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Folkadelphia Session: Coal Town Rounders

KISS – keep it simple, stupid. You’ve probably been told this or something similar your entire life. They’re saying that things function best if they’re kept simple rather than made complicated, so this should be factored into the design of whatever it is you’re working on. A similar concept is Ockham’s razor, which says that among competing hypotheses, the one with the fewest assumptions should be selected. This is all highfalutin fancy-pants talk for simplicity being the key. This is what I’m thinking about when I think about Scranton, PA’s Coal Town Rounders. They’re not particularly flashy or showy, they’re not reinventing the wheel, they’re just making goddamn salt of the earth bluegrass. For one, you’ve got your instrumental chops, two- your tight harmonies, and three- a strong catalog of songs to mine from, so what more do you need? I promise you that if you get these guys in a room together, you’ll be moved to interaction – to dance, to sing, to clap, to grin like a fool. I know that’s how we were acting in the mixing booth during this session, which was tracked live at the WXPN Studio on January 11th of this year. Now, simplicity does not equal untalented or lacking in passion. Quite the opposite, it means that the Rounders have stripped away superfluous musical baggage that does nothing except weigh them down. As a mean and lean acoustic quartet, the boys are nimble and energetic, imbuing their fairly traditional bluegrass twang with a good chunk of reckless abandon, like the crazy train might be coming off the rails at any moment. Whoever needed guitar amps anyway?

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Download “Cherry Licorice” by The Felice Brothers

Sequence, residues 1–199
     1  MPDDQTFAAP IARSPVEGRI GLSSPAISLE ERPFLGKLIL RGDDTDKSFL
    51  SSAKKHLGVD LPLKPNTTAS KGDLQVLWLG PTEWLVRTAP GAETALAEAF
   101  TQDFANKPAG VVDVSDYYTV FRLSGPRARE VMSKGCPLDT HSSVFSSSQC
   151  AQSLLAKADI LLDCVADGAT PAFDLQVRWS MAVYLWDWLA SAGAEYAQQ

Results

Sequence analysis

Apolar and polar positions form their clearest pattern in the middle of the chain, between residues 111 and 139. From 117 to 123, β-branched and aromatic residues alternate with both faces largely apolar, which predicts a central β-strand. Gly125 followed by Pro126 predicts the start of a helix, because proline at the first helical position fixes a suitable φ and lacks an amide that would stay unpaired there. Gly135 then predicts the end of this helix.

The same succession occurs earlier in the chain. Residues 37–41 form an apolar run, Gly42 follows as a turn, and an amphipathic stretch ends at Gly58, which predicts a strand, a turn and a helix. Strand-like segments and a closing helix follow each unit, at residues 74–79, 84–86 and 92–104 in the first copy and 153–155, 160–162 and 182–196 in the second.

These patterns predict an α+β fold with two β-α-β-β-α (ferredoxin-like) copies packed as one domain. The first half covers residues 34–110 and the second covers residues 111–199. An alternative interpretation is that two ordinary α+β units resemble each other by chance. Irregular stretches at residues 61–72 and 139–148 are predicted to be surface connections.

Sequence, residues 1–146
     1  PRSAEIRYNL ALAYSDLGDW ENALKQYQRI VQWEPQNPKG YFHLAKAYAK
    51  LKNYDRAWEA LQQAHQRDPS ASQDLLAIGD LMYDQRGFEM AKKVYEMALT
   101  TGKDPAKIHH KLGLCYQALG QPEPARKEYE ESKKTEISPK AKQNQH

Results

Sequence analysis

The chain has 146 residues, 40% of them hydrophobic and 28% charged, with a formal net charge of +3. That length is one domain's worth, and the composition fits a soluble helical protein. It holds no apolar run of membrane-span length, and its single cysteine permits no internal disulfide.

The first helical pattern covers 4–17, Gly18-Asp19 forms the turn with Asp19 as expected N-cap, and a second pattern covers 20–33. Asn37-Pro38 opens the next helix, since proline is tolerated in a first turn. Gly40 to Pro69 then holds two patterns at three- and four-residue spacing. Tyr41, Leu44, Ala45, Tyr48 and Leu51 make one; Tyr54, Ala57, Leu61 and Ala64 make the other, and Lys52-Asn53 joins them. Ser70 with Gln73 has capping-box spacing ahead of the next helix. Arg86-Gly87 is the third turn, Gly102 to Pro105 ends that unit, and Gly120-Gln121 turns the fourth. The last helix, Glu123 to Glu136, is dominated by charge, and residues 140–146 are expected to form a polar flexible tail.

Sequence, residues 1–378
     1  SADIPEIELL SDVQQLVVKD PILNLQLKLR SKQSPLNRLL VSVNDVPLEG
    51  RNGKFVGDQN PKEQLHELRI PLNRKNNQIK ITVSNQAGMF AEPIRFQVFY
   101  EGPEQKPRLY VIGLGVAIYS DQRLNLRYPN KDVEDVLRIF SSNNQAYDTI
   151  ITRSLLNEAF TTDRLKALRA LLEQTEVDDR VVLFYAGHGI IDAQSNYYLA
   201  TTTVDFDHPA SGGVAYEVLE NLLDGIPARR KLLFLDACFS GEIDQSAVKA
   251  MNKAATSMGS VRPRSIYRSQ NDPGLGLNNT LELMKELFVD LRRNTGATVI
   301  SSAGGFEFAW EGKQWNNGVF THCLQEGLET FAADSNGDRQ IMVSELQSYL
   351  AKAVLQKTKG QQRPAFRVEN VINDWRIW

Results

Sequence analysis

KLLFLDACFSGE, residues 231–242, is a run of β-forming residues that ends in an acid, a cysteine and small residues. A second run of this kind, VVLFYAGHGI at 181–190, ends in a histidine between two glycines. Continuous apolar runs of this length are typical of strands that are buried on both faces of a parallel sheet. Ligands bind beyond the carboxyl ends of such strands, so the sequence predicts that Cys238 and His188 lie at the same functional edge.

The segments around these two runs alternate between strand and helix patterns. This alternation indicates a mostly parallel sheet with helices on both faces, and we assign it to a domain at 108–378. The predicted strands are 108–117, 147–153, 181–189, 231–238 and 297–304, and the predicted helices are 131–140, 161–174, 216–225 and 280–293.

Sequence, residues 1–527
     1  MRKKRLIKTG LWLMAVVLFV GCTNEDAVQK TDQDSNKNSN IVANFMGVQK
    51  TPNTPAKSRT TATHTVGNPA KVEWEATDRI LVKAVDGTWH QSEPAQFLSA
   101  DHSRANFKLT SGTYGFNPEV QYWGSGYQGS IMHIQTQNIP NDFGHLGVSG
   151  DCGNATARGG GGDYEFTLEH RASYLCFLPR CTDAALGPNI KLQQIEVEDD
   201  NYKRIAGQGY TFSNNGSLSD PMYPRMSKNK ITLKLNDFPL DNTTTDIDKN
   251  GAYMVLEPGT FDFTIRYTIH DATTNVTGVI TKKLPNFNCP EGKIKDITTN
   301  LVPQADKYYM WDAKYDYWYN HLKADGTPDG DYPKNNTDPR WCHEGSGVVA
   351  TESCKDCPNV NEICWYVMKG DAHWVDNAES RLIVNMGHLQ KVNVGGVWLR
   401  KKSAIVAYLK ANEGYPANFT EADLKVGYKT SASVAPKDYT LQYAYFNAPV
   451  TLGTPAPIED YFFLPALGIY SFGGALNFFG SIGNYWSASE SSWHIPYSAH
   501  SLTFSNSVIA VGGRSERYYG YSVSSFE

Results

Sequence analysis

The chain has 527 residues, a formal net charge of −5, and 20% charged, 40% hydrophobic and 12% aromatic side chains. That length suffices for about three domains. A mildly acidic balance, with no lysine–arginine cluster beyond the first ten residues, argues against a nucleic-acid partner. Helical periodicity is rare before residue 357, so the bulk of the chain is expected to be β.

Photo courtesy of the artist
Photo courtesy of the artist

Catskill roots rockers The Felice Brothers have a new album, Favorite Waitress, that is being released on June 17th on Dualtone. In an interview with Esquire, James Felice talked about the new album:

This record, we definitely wanted it to be a reflection of our live show. We honed it on the road. When we went into the studio to record it, we recorded it mostly live, with the intention of playing these songs and having them sound similar to the way they do live, and vice versa. That was very important to us. When we first started, for the first couple of records, even, we hadn’t done a lot of touring. Every studio we ever worked in was one we sort of built ourselves, so to actually go to a real studio in a different city was completely illuminating, and it gave us the opportunity to really play the songs because we didn’t have the ceremony of building a studio and testing it out. The bulk of the record, 90 percent of it, was done in a week. Practicing the songs and playing them live a lot brought us to a point where we could bang them out pretty quick.

Below, download the ragtag rocker “Cherry Licorice.” The band is plays Union Transfer on Thursday, July 10th with Robert Ellis. Go here for tickets and more information.

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The Key Studio Sessions: The Interest Group

Philly psych-pop outfit The Interest Group made a splash before they were even really a band. On the heels of his involvement with local projects Blackhawks and Bananas Symphony, Yohsuke Araki teamed up with fellow singer-guitarist Marissa Lesnick to record a cover of the late 60s nugget “The Boys and The Girls” by The Network. The song was so infectious that, before The Interest Group had a full lineup or had even played its first show, it got a Pitchfork writeup. This set the bar relatively high for the fledgling band, and while it didn’t follow up immediately, it followed up admirably – with last summer’s Passenger 7″, a winning set at Little Berlin’s Fairgrounds Block Party, with another new EP in February, and even more new songs recorded this week for The Key Studio Sessions. The band is fleshed out with bassist Kyle Garvey and drummer Steven Urgo, and the songs they recorded are pure modern pop gold. Rooted in snapy sounds and jangling melodies reminiscent of The Left Banke, 13th Floor Elevators and The Zombies, the band adds nice contemporary experimental florishes – backwards loops, white noise, dissonant breakdowns – making the saccharine more gritty. Listen to their set and grab free downloads below; “Locked On” can be found on EP1, released in February, and the rest of the tracks are brand new. To hear more, mark your calendar for May 14th, when The Interest Group plays the Underground Arts black box with King Gizzard and the Lizard Wizard.